On Thursday, while inaugurating a meeting on the implementation of the National Education Policy (NEP) at the Banaras Hindu University, Varanasi, PM Narendra Modi said that the educational system India inherited after independence left much to be desired and was essentially a ploy by the British to get a ‘working class’ of Indians ready for the purpose of taking up clerical jobs under the British Raj.
Modi said, “The foundation of the National Education Policy 2020 is to take education out of narrow thinking and connect it with the modern ideas of the 21st century. There has been no dearth of talent in our country. Unfortunately, we inherited a system where the meaning of education was to get a job. The British designed the education system to fulfil their needs. Things did change post-independence, but a lot left to be done. The education system created by the Britishers was never part of the Indian ethos.”
As any well-rounded observer will concur, the education system we largely follow was formulated and implemented with one aim in mind — to provide clerical labour to the ruling class to assist in its administration of the vast territory which made up British Raj in the Indian sub-continent.
There were three main agents of modern education in India: the British government, Christian missionaries and Indian intellectuals and reformers. In order to execute their vision of education for the ‘natives’, the British made use of ‘Acts’ and policies which followed the general course the top brass wanted to steer India towards.
Prominent among these were the Charter Act of 1813, Macaulay’s Minutes and Wood’s Despatch (1854). Before this, however, Governor-General Warren Hastings had established the Calcutta Madrassa in 1781 for the purpose of teaching Islamic law. A Sanskrit College was started by Jonathan Duncan in 1791 for the study of Hindu philosophy.
While on one hand the British government wanted to create a class of Indians who could assist them in the administration of land, they also wanted to implement the ‘infiltration theory’, which meant that once some upper class Indians became ‘educated’ according to British reckoning, education would trickle down to the masses.
Although there were some Englishmen who genuinely wanted to see Indians educated, the government of the day was mainly concerned about provisioning for the demand for clerks and other administrative roles in the East India Company and after 1858, for the British Raj. Also, significantly, it was cheaper to employ Indians than get Englishmen from abroad to fill these roles.
There were some jarring factors too, prime among them being the dismal state of women’s education. Since the government did not want to take on the prevalent orthodoxy, and also because women could not generally be employed as clerks, they did the bare minimum towards this. In 1911, the illiteracy rate in British India was 94%; in 1921, it was 92%. Also, technical and scientific education was ignored by the British government.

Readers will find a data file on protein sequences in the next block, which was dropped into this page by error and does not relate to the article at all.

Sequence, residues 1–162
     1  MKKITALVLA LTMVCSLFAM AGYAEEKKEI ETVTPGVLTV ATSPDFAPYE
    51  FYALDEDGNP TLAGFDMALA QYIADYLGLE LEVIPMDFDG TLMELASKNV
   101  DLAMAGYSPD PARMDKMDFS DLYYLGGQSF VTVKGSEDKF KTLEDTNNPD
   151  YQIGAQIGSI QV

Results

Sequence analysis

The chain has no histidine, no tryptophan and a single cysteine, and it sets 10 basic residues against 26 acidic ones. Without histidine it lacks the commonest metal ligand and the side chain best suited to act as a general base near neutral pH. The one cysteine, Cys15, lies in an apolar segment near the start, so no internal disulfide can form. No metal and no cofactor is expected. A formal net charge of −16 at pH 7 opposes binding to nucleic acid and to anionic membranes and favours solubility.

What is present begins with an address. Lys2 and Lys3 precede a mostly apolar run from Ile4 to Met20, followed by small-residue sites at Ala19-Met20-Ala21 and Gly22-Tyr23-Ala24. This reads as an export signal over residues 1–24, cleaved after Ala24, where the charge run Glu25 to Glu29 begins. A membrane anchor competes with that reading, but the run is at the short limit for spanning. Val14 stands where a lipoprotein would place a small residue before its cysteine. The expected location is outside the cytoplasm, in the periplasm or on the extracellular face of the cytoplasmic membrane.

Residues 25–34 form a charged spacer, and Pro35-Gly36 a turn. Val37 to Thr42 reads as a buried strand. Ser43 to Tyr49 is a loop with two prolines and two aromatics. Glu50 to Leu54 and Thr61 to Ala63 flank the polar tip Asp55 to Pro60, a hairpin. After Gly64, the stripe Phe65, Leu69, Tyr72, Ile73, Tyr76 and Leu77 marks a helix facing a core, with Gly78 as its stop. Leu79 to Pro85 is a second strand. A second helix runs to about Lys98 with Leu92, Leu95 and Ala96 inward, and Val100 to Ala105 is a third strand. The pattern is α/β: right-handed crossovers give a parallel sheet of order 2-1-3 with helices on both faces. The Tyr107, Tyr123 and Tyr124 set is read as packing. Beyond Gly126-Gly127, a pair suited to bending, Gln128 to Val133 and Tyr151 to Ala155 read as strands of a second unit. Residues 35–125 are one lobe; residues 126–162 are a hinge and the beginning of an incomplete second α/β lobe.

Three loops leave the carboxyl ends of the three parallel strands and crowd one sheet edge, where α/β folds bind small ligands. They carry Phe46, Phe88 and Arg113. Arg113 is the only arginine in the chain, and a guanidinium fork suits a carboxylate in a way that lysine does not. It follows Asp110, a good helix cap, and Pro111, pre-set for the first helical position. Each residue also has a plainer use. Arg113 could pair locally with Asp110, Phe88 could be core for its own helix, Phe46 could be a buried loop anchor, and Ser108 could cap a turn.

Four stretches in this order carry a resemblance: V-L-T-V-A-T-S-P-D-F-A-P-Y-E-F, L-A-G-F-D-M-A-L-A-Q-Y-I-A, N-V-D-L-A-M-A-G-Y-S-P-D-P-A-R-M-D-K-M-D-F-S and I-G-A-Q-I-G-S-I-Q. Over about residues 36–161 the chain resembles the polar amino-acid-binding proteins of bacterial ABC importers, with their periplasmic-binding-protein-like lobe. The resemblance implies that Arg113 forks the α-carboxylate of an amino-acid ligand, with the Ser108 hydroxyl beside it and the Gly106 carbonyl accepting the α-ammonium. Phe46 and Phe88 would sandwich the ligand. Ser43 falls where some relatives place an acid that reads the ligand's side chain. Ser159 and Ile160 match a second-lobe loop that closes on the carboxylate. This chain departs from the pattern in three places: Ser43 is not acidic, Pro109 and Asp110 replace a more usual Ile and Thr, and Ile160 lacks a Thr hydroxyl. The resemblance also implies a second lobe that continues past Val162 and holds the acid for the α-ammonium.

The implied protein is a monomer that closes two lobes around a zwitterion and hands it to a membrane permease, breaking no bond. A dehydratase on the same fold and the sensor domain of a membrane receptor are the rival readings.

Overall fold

After independence, the main motive of the government of India, now made up primarily of upper class educated Indians, was to keep the country together — especially given the monumental Partition and large-scale communal riots of 1947. With the ideals of secularism, socialism and national integration enshrined in the Indian Constitution, the government of India also appointed three important commissions for suggesting educational reforms.
The University Education Commission of 1949 made valuable recommendations regarding the reorganization of courses, techniques of evaluation, media of instruction, student services and the recruitment of teachers. The Secondary Education Commission of 1952–53 focused mainly on secondary and teacher education. The Education Commission of 1964–66 made a comprehensive review of the entire field of education. It developed a national pattern for all stages of education. The commission’s report led to a resolution on a national policy for education, formally issued by the government of India in July 1968.
This policy was revised in 1986 and emphasized educational technology, ethics and national integration. A core curriculum was introduced to provide a common scheme of studies throughout the country.
The national department of education was a part of the Ministry of Human Resource Development, headed by a cabinet minister. A Central Advisory Board of Education counseled the national and state governments. There were several autonomous organizations attached to the Department of Education. The most important bodies were the All-India Council of Technical Education (1945), the University Grants Commission (1953), and the National Council of Educational Research and Training (1961).
Over the course of seven decades after Independence, the education system of India has evolved gradually yet phenomenally. From a literacy rate of 18% in 1951, we have moved up to 74% as of 2011. Currently, the education system in India hosts more than 315 million students and therefore, the NEP will have a comprehensive and long-term impact on them all.
Let’s hope this NEP, with the firm support of all stakeholders behind it, turns out to be more effective in achieving its goals, which are quite diverse from and more upright than those of the British ever were.